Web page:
Some unstructured thoughts on the types of tasks language models seem to be good (and bad) at completing:

A language model is an effective tool for solving problems when can describe the answer or output you want from it with language. A language model is a good candidate to replace manual processes performed by humans, where judgement or application of semantic rules is needed to get the right answer. Existing machine learning approaches are already good at classifying or predicting over a large number of features, specifically when one doesn’t know how things can or should be clustered or labelled just by looking at the data points. To give an example where a language model will likely not perform well: imagine you want to generate a prediction for the value of a house and the land it sits on, given a list of data points describing it:

  • lat/long
  • square footage
  • build year
  • number of bed and bathrooms
  • lot size
  • whether it has a pool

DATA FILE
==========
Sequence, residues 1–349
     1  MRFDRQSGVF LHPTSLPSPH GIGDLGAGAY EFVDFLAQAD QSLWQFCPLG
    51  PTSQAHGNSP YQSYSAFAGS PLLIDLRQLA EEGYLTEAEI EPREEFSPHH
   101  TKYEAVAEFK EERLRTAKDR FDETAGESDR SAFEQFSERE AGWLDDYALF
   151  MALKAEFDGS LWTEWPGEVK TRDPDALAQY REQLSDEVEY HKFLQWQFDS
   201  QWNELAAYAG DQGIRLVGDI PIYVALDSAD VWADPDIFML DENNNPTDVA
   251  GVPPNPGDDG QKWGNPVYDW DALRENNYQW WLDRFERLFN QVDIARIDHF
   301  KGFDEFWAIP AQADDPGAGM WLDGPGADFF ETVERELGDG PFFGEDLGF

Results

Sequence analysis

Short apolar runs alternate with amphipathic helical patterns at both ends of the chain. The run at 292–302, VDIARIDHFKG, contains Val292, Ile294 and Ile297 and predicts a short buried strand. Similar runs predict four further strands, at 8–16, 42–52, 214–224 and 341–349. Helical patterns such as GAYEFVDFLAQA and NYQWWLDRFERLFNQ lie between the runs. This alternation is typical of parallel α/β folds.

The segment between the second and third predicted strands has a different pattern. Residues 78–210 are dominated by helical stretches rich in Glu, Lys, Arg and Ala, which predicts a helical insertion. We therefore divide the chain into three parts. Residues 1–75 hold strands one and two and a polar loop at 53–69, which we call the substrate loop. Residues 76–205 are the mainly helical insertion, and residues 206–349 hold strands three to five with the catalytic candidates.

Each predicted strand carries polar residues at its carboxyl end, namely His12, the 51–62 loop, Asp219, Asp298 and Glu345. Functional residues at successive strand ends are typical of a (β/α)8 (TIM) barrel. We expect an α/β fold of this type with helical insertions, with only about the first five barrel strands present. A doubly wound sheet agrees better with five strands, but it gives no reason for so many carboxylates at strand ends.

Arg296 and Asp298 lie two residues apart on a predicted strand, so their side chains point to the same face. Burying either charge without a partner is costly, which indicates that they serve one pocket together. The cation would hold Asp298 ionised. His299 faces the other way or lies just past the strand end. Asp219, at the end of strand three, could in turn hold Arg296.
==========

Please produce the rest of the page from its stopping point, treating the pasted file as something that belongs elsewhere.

Traditional machine learning approaches presently can do a good job at this. A language model likely would not. While the token outputs from language models are based on numerical predictions, those tokens should not be interpreted as numerical predictions themselves. Token outputs are more of a qualitative assessment of the inputs rather than a quantitative one (ironic, given that it’s math all the way down).

Language models are a bad fit for this house-price-prediction task for the same reason that they struggle to do math.

Thanks to CSL for his post on getting full-content output in a Hugo RSS feed. This post helped me finally get around to fixing it on this site.